Tax Business Integration - Carrots and Sticks

by Kerstine Rencourt Partner

Email +44 (0)7841 468690

A good tax function is not a “nice to have”. It can literally mean the difference between being able to do business or not. Loss of license to that tends to sharpen the senses. With the increasing digital requirements from Governments (such as eReporting & eDelivery notes) in some countries you can't even move goods out of your own warehouse to your own customers if you don't meet specific requirements.

So, muddling along with poor quality data and an army of spreadsheets is no longer a viable long-term strategy for an organisation. Evolving market pressures, changing regulations and disruptive events such as Brexit are just some of the factors putting pressure on businesses to transform. We have seen large numbers of organisations, both private and public, undertake significant programmes of digital transformation. Senior management has, at considerable cost and a lot of work, pushed harder than ever for their organisations to reimagine and restructure how they do business.

That needs to happen for tax as well. And whereas some justify the needed transformation using a legal and statutory stick, others also consider the carrots of better information sooner, lower cost to serve, and improved service to the business.

To make these digital transformations happen, organisations will often engage a system implementor (“SI”) to make sure all the technology works together and to ensure they align themselves with current business realities. Many organisations also recognise the need for these programs to be business-led - and to that end have business integration (“BI”) specialists leading the charge - keeping the business happy and the SI on their toes.

A Tax BI can help tax functions work smarter not harder, and ensure the processes and the technology is working for them, not against them. No more swimming against the tide. Ensuring that tax can do its job better (as well as cheaper) is rarely prioritised in transformation plans. But it should be.

Just as an SI ensures all the technology pieces fit together for optimised business processes, a Tax BI ensures pieces and processes are optimised for the best tax function. And that process starts by really assessing the current state of tax in the organisation, determining what the end goal looks like and then working out how to get there.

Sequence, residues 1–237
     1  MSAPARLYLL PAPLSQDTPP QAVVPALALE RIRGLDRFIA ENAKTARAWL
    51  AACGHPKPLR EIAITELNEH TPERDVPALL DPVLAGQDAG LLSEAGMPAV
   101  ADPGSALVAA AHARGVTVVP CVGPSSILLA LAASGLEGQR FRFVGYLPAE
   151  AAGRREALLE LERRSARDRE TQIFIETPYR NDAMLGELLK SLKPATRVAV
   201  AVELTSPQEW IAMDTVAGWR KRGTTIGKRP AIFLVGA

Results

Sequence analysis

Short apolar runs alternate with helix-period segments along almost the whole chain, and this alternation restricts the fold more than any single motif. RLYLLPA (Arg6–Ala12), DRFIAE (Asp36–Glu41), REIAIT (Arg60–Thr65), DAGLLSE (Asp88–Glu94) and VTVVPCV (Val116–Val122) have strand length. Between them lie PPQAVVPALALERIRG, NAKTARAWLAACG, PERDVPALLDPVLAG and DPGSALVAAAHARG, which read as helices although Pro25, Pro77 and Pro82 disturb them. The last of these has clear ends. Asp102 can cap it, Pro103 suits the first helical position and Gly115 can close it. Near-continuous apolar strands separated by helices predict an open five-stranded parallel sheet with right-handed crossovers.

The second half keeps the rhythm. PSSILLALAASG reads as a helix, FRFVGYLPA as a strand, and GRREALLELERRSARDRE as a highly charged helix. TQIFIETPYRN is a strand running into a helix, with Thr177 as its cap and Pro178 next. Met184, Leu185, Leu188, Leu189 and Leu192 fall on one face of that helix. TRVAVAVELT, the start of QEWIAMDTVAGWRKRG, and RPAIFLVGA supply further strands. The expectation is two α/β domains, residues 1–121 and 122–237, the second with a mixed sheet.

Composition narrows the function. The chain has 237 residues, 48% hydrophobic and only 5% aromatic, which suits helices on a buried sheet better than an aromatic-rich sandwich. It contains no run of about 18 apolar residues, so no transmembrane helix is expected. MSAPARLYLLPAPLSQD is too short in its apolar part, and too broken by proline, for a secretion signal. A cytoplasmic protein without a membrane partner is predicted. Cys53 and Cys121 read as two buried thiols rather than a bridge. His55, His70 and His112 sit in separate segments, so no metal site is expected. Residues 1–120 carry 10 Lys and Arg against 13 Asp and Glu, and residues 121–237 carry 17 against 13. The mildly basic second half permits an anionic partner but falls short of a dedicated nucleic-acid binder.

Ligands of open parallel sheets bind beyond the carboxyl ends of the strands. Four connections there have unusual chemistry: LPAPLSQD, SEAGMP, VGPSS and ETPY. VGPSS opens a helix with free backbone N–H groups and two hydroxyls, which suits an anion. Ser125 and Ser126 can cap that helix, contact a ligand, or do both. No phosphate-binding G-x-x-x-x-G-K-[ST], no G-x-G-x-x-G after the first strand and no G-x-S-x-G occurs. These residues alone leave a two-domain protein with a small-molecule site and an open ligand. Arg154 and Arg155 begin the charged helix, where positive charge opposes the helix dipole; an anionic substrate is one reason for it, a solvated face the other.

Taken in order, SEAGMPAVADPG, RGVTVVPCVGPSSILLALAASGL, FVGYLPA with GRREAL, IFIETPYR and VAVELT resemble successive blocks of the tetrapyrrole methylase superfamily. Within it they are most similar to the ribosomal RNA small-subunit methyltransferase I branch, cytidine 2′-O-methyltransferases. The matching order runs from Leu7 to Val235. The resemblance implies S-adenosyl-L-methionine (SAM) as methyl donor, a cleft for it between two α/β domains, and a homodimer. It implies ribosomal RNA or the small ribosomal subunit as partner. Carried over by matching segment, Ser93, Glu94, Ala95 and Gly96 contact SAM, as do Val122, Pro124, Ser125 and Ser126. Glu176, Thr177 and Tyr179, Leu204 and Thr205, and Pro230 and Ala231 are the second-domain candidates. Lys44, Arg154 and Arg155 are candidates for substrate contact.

“The most successful business transformations are undoubtedly business led and supported by people with experience (and battle scars) to help predict and avoid pitfalls. I’ve led a number of finance transformations and having tax support embedded in 02C, P2P and R2R has proved invaluable, especially in the increasingly prevalent digitalisation of the tax agenda. 
Sam Waller PwC Finance Transformation Partner

The biggest problem around this? Ultimately it’s time.

Tax departments tend to be involved late and/or are not involved in all relevant workstreams; in fact the latter is often impossible as the workshops may run in parallel to a very tight schedule and the tax team’s are already in high demand with their day job. In addition, the tax representative can also be a little blindsided by the tsunami of (often last minute) requests to provide input. In reality what this means is the SI is increasingly unlikely to receive detailed requirements that are much more forward thinking than a copy and paste of what they already have. And that’s a crying shame.

Nobody would expect an SI to take on a large digital transformation project without an audit of the current tech. It’s foundational to success. So why would a tax function risk spending a lot of money to incorporate the current, sub-optimal practices into the transformed organisation?

Whilst the idea of using a tax BI may be new to the business, tax function’s have leverage to make the case both because of the legal and statutory stick and the carrots of lower cost to serve and improved service. So please do remember tax has that sort of power behind it, and use it wisely. You are both a customer of the finance function, and a true business partner - and your engagement and input is critical to any successful business transformation.

by Kerstine Rencourt Partner

Email +44 (0)7841 468690